Any doubt that the Democratic Party is completely beholden to organized labor is now over. Speaker Nancy Pelosi’s (D-Calif.) unprecedented step to strip the up-or-down vote requirement from the Colombia Free Trade Agreement undermines the spirit of fast-track trade law and deals a death blow to any administration’s ability to conduct good-faith trade negotiations with foreign nations.

Pelosi reportedly told a closed-door meeting of Democrats that she was not doing this at the behest of organized labor, but every fair-minded journalist covering the story reports that opposition to free trade from organized labor was the driving force behind Pelosi’s move. Also undercutting Peolsi’s credibility, AFL-CIO President John Sweeney rushed to praise Pelosi’s move: “We applaud her for taking decisive action to reassert congressional authority over trade.”

The case for the Colombia Free Trade Agreement is strong, and labor’s arguments against it are shrinking and weak. First negotiated in 2006, the administration renegotiated the treaty last year to accommodate labor demands for tougher environmental and labor standards. Now labor is falling back on claims that Colombian President Alvaro Uribe is not doing enough to stop violence against trade unionists. What organized labor fails to acknowledge, though, is that the number of unionists killed in Colombia has dropped 75% since Uribe took office, and there have been only three killings so far in 2008. Even many Democrats acknowledge the benefits of freer trade with Colombia since killing the accord will only open Colombia’s market for American competitors.

But killing trade with Colombia is not about protecting American families like Pelosi claims. It is about protecting the existing jobs of current dues-paying labor members. And to that end, Pelosi’s rejection of free trade with Colombia is just the latest evidence that organized labor has completed its takeover of the Democratic Party. One needs only to look to the two remaining presidential candidates’ promises to unilaterally pull out of NAFTA to see that “Free Market Clintonism, RIP.” But labor has plans to remake the U.S. economy well beyond trade, including the elimination of the secret ballot in union organizing elections, the elimination of section 14(b) of Taft-Hartley, which would gut all state “right to work” laws, and legislation to make union officials the exclusive bargaining agent for most police, fire and rescue personnel.

The last item is perhaps the biggest threat to the U.S. economy. Already public sector unions are bankrupting local governments across the nation. Most Americans do not realize that public sector unions are the modern face of organized labor. Only 7% of private sector employees belong to a union compared to 36% of public sector employees. Almost half of all union members now work in the public sector. The typical union member today works for the DMV, not on the assembly line. Turning mandatory and involuntary union dues into political power, public sector unions win elections at the local level, setting up contract negotiations where union interests are on both sides of the table and the American taxpayer is not represented at all. As a result, just in the education sector alone, the total cost to states for paying for all teacher retirement health and pension obligations is now estimated at $3 trillion, and growing each year.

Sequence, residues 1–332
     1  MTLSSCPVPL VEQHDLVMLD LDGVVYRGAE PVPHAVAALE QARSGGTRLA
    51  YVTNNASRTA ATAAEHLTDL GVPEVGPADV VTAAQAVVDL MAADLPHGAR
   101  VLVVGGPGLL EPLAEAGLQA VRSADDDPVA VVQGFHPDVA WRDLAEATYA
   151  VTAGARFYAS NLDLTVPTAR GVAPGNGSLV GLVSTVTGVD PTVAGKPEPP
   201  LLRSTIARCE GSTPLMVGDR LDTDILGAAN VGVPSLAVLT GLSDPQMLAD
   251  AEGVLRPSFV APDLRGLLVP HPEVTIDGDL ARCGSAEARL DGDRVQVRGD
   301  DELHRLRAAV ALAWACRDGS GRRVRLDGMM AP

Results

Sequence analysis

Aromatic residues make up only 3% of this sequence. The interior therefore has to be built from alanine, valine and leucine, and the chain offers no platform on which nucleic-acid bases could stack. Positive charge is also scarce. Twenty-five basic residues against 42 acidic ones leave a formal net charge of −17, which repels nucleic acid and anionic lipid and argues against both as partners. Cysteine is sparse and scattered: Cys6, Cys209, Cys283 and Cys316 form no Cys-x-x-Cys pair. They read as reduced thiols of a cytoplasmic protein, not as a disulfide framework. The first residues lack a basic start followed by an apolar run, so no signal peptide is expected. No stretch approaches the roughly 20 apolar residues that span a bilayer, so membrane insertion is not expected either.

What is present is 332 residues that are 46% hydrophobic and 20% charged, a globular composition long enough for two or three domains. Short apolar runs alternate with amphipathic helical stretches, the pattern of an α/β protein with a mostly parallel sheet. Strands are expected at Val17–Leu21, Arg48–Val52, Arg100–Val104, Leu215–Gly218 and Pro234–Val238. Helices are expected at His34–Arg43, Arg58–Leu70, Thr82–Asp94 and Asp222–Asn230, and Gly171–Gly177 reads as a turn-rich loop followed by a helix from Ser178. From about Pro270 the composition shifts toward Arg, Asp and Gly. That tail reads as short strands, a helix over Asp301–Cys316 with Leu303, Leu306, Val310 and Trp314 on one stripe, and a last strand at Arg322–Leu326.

Quick Hits:

  • Police arrested a California Nurses Association organizer accused of slapping a Service Employees International Union organizer as the CNA campaign to wrest control of 6,000 county-employed nurses away from the SEIU turned nasty.
  • The latest Rasmussen Reports national telephone survey found that 47% of likely voters give Congress a poor rating compared to just 13% who say Congress is doing a good or excellent job.
  • In an effort to alleviate the stress on the military, the Army will cut combat tours in Iraq from 15 months to 12 months, returning rotations to where they were before last year’s troop buildup.
  • Heading into a second and decisive round of voting for the presidency, 28-year incumbent Robert Mugabe is spreading violence throughout Zimbabwe.
  • Civil liberties groups determined to keep the military tribunal system from gaining legitimacy are delaying tribunals for Guantanamo detainees.